The Ride of the Ancient Veteran

It is an ancient Veteran,

And he stopped one of three:

“By thy long sunken face and thy squinting eye

Now why stop me?

The Church doors are opened wide

And I am next for usher;

The ladies are met, the wine is poured, –

May hear the merry song.”

But still he holds the church guest –

There was a tank, retold he –

‘No, if you’ve got a festive tale,

Veteran! Come with me.”

He holds him with his scarred hand,

Repeated he, there was a tank –

“Now get out, you disfigured kook!

Or my hand will make you whimper.”

He controls him with his squinting eye –

The churchgoer stood still

And listened like an obedient child;

The Veteran had his power.

The churchgoer sat on a bench,

He could not leave:

And then spoke of the ancient veteran,

The glazed eyed Veteran.

The tank was revered, its’ audience departed –

Happily did they drive

Below the sun, below the dunes,

Below the high topped church.

The Sun came up on the north,

Out of the sand followed he:

And he shone dull, and on the south

Went down into the hills.

Farther and farther every day,

Till over the hole at noon –

The churchgoer clutched his chest,

For he felt the loud boom.

The priest walked through the hall,

White as snow;

Nodding their heads before he goes

The lively choir.

The churchgoer grasped his chest,

He could do nothing but sit still:

And then spoke of the ancient veteran,

The glazed eyed Veteran.

Listen, Visitor! Sand and Wind,

A Wind and Storm forceful!

For weeks and months it showed us weak –

Like prisoners we drove on.

Listen, Visitor! Rain and Water,

And it became striking yet:

And Sand tornado came flying by

As dark as night.

And through the mass the sandy mass

Did show a ghastly luster:

No shape of men could each us see –

The Sand was all amidst.

The Sand was here, the Sand was there,

The Sand was all to be found:

It swooshed and whirled and boiled and churned –

Like noises of a voice.

At length did cross a Dog,

Through the Wind it came;

And as if it were a fellow soldier.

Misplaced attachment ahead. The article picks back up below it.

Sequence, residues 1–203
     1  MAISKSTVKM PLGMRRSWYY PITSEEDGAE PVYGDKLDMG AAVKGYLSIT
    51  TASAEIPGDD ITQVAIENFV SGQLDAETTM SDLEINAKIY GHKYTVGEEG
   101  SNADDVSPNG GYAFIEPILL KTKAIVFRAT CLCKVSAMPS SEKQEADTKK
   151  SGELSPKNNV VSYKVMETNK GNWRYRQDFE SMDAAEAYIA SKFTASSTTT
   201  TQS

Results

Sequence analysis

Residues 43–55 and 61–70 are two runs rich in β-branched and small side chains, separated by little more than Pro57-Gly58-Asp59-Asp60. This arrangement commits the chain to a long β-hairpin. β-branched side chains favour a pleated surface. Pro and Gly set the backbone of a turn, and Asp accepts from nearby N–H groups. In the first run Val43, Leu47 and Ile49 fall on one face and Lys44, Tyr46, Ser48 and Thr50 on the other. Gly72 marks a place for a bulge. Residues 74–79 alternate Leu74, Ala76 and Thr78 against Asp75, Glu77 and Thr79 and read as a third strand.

We called to it by a name.

The soldiers gave it leftover rations,

And it circled the group:

The Sand disappeared;

The driver pressed us through.

And a clear opening developed ahead,

The dog did follow;

And every hour for rations or toys

Came to the soldier’s company!

In sand or wind on ground

It walked for war stories,

While through the night with mist

Shined the yellow moonlight.

“Jesus save you, ancient Veteran!

From the devils that curse you –

Why do you look like that?” – with my gun

I shot the Dog.

The original text imitated is “The Rime of the Ancient Mariner”. I chose this text because many male members of my family have gone into the military, and when they have gotten back from their service they were never the same. For some it has been years out of the service, for some it is still current. That is why I chose this medium, to me a soldier can always experience PTSD, and unfortunately in today’s society it is not uncommon to see homeless veterans on the streets that are still struggling emotionally and financially. I could picture the Mariner like an old veteran who talks to anyone that comes close to express his conflict of a difficult time that no one wants to willingly listen to because of the gruesomeness. The veterans do not get to tell their story because civilians feel uncomfortable; let alone process and deal with their time in the service that could help them heal.

I chose to keep the punctuation in the same place as the original to keep the sentence elements the same. I also kept the beginning of each line the same beginning word so it would reflect the original work in that way as well as shown in this example,

“It is an ancient Mariner,
And he stoppeth one of three.
‘By thy long grey beard and glittering eye,
Now wherefore stopp’st thou me?”

I also chose a veteran and a church setting because my family is from the Midwest and going to church is a very big part of their lives. It is also common to see veterans going to church, as they do not find solstice in much else. I aimed to follow the same madness the Mariner was experiencing from the guilt of his actions into the soldier’s insanity.

— Alison Vining

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